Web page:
Southeastern Europe Forms Peace Unit
By Linda D. Kozaryn
American Forces Press Service
SKOPJE, Former Yugoslav Republic of Macedonia, Sep. 30, 1998 The United States will provide technical assistance for a new peacekeeping unit of about 3,000 military troops from this nation, Romania, Bulgaria and Albania.
Speaking at the Southeastern Europe Defense Ministerial here Sept. 25, Defense Secretary William S. Cohen said the new 13- company brigade will be available for conflict prevention, peace support and humanitarian operations. The United States will be an observer; it will not contribute forces to the peacekeeping brigade, U.S. military officials said.
Slovenia also will serve as an observer, and three NATO nations - - Greece, Turkey, and Italy will provide members of the new unit with guidance and other assistance. Representatives of all nine nations met here Sept. 26 and signed an agreement creating the Multinational Peace Force Southeastern Europe.
The defense ministerial, the third such conference in the region since the end of the Cold War, was aimed at preventing conflict and promoting security through openness and cooperation. Ongoing trouble in neighboring Balkan states exemplifies the need for trust and openness, Cohen said.
"I think that all recognize there are still a number of people in the region who would rather dig fresh graves than bury old hatreds," he told attendees. "In Kosovo, the fires of hate fuel the relentless march of ethnic violence. The time has come to face this crisis directly.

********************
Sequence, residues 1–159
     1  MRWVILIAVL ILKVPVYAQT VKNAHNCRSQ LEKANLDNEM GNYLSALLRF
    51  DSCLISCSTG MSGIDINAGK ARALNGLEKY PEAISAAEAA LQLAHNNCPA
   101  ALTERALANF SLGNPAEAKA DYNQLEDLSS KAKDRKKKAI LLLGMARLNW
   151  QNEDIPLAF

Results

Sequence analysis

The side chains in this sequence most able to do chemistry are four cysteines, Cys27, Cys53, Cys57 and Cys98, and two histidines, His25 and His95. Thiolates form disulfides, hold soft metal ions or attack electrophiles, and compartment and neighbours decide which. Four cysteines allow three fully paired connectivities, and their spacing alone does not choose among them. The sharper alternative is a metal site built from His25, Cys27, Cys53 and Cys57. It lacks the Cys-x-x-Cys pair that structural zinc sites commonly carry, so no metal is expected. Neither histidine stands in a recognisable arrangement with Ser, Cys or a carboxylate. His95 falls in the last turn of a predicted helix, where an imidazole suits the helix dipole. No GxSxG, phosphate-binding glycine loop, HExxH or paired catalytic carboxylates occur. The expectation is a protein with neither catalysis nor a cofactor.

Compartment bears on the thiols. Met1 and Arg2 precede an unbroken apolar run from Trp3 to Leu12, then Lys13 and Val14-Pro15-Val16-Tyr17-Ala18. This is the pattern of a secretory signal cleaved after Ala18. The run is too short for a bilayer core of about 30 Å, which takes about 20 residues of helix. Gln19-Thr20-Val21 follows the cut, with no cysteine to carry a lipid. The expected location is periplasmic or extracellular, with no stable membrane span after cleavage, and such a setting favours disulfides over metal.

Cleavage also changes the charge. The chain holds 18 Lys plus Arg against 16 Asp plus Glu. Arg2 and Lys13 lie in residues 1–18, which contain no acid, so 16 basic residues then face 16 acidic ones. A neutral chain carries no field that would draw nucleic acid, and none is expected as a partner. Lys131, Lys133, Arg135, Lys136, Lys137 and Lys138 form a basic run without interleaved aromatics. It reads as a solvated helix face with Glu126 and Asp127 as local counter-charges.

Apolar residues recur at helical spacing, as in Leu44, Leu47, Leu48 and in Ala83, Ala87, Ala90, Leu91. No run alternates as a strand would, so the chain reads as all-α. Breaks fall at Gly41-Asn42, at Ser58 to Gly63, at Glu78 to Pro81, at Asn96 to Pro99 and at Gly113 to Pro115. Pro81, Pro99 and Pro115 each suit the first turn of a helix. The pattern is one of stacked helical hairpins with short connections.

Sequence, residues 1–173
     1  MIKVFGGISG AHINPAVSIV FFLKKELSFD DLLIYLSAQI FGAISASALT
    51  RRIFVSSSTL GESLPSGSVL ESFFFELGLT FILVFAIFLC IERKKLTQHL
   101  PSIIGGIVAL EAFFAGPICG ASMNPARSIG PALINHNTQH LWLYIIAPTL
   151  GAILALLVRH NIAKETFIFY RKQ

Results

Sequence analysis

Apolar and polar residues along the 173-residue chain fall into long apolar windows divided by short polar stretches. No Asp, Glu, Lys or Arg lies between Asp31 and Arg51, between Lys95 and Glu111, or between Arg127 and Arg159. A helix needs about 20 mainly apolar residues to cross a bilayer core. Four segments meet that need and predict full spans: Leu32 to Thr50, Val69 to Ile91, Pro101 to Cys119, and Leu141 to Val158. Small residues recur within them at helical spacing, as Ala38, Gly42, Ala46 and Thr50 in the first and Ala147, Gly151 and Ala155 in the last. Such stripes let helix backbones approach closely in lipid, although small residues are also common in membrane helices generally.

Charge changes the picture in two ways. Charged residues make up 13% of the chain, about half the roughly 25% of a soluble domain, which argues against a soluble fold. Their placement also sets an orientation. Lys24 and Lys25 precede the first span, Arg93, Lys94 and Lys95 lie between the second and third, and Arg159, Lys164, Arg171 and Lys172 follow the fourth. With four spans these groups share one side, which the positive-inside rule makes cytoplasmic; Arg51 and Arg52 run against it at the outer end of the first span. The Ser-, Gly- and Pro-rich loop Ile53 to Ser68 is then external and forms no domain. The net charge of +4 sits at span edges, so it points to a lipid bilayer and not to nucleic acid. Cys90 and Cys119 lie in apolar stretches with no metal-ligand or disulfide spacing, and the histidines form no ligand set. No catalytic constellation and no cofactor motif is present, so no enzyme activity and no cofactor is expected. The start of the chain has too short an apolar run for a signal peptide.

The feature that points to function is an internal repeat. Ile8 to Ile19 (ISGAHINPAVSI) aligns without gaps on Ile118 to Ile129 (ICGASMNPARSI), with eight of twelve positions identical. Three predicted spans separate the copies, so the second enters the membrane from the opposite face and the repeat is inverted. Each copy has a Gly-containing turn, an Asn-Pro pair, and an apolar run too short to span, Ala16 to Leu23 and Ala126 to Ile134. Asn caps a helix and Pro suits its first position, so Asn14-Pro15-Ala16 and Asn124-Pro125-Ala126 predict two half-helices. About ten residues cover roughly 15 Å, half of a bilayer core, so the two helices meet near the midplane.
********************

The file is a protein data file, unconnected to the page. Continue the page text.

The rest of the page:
"In Bosnia," Cohen continued, "we must maintain our resolve and remain committed to the Dayton Peace accord. In Albania, violence in Tirana is a stark reminder of how much remains to be done."
The secretary noted that the multinational unit will demonstrate that countries in southeastern Europe can work together to improve regional security. It also may inspire other countries to build similar security structures, he said.
"We have looked at this past century and we have seen a century of conflict, with animosity and hatred," the secretary said. "With the new century approaching, we have the opportunity to build a time where we have cooperation, openness and stability."
The new brigade, guided by a civilian steering committee, will promote civilian control of the military, Cohen said. It will provide opportunities for military-to-military cooperation and give participating countries firsthand experience training in a NATO environment.
"Every time our forces train together," Cohen said, "every time we come together for discussions such as this, we understand each other more. With understanding comes trust, and that same trust then generates security."
Creating the peacekeeping brigade was just one agenda topic at the ministerial. The defense leaders also discussed steps to improve regional cooperation and security, and programs to strengthen border controls, improve Albanian weapons storage security, and provide training and instruction through Partnership for Peace.
Cohen attended the ministerial after meeting with NATO ministers in Portugal. His swing through the Balkans included meeting U.S. service members in Skopje and in Sarajevo, Bosnia.